A promotions company has secured High Court injunctive orders compelling its commercial landlords to allow it to return to its south Dublin rental premises.
Raw Marketing claims the landlords unlawfully retook its offices on Ranelagh’s Dartmouth Road, where the company has been based as a commercial tenant for more than a decade.
Counsel for the company, John O’Regan BL, said no notice to quit was served on his client, which has paid its rent throughout its tenancy. He said the passcodes and locks of the premises were recently changed, and the purported taking of the premises occurred last Wednesday.
The case came to court on an ex-parte basis, so only the plaintiff company was represented.
Mr O’Regan said the respondents, landlords Walter and Carol Newburn, of Frankfurt Park, Dundrum, Dublin 14, are relied on a “schedule of delapidation”, which also purports to be a forfeiture notice, that was delivered to his client on March 10th, said Mr O’Regan.
This is a “fatally flawed” document, he said, as it primarily relies on the “yield up” covenant, which requires that the premises be returned in good condition when the tenant is vacating. His client was given 14 days to remedy alleged breaches of covenant, which is “not a reasonable time” for repairing substantial works that require the engagement of experts, he added.
A previous schedule of dilapidation was given to his client in November, but there was no indication of forfeiture at that time, he said.
The landlords allegedly retook the premises on foot of the plaintiff’s failure to comply with the 14-day remedy period, the court heard.
Risk of losing valuable contracts
Raw’s initial tenancy commenced in 2011 by way of a nearly five-year lease. Upon expiry, the tenant and landlords agreed rental arrangements orally, with the annual rent increasing to €15,000. Negotiations had been under way for a new lease, but these were unsuccessful, Mr O’Regan added.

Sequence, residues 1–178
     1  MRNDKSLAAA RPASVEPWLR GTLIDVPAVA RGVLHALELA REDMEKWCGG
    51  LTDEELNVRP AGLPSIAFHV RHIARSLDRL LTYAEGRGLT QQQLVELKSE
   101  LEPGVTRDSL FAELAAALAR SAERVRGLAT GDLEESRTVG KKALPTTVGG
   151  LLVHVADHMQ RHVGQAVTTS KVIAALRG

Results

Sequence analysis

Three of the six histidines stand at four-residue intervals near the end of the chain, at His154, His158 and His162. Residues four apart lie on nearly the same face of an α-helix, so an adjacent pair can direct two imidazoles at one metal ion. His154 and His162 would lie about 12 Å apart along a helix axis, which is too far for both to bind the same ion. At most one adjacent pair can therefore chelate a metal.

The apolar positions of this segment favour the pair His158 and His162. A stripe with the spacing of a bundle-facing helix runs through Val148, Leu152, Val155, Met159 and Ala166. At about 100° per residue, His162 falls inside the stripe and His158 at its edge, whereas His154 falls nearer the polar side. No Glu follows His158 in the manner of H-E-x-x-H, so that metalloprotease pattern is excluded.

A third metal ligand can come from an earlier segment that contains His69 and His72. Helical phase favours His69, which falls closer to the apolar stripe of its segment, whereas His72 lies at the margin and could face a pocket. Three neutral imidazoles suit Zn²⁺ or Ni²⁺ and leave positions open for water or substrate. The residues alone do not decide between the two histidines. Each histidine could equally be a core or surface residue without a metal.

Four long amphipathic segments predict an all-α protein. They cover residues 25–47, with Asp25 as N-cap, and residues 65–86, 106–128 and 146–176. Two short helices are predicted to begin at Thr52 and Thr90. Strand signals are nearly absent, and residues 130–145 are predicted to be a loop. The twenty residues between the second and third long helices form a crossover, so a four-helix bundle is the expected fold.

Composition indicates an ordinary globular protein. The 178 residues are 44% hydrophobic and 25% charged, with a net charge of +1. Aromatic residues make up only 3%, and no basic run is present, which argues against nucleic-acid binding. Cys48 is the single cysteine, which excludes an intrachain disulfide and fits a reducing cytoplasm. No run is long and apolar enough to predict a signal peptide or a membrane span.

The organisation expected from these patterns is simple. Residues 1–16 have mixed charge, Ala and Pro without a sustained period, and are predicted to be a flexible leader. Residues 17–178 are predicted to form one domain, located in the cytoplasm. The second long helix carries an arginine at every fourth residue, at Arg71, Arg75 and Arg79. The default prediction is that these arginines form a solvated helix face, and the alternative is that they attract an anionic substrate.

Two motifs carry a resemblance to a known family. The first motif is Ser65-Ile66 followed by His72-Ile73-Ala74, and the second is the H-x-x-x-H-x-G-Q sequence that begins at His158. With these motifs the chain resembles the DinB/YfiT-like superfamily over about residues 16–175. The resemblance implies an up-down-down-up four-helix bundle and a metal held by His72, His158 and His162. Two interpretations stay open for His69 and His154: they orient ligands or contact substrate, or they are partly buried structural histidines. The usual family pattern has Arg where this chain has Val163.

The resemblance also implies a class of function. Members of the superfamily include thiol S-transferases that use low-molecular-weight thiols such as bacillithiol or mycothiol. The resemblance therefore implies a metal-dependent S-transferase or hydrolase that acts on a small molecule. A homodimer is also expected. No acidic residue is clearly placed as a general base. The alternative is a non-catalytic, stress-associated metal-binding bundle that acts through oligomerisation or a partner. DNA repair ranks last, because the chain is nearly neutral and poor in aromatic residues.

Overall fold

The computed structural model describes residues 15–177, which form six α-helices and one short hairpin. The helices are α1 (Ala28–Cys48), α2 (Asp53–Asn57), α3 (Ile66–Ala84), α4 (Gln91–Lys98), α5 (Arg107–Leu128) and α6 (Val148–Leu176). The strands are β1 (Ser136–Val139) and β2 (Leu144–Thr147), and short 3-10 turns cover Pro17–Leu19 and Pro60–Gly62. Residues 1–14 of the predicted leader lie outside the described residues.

The company has five full-time staff members, as well as about 50 part-time workers who need to come to the premises to collect uniforms and kit for contracted jobs. It is not a business that can be run remotely, and its operations will be impaired if the orders sought are not granted, he said.
The case came before Ms Justice Emily Egan on Tuesday. The judge, on an ex-parte basis, made orders requiring the landlords to allow Raw back into possession of the premises and furnish it with all necessary keys and alarm codes.
She noted the plaintiff company has said it would be unable to trade without the premises and there would be a risk it could lose valuable contracts if the interim orders were not granted. It is “essential”, she said, that a reputation-based business such as this can retain its clients.
She also gave Raw permission to serve short notice on the respondents for its interlocutory injunction application.
Her orders will remain in place until the case returns before the court next Tuesday.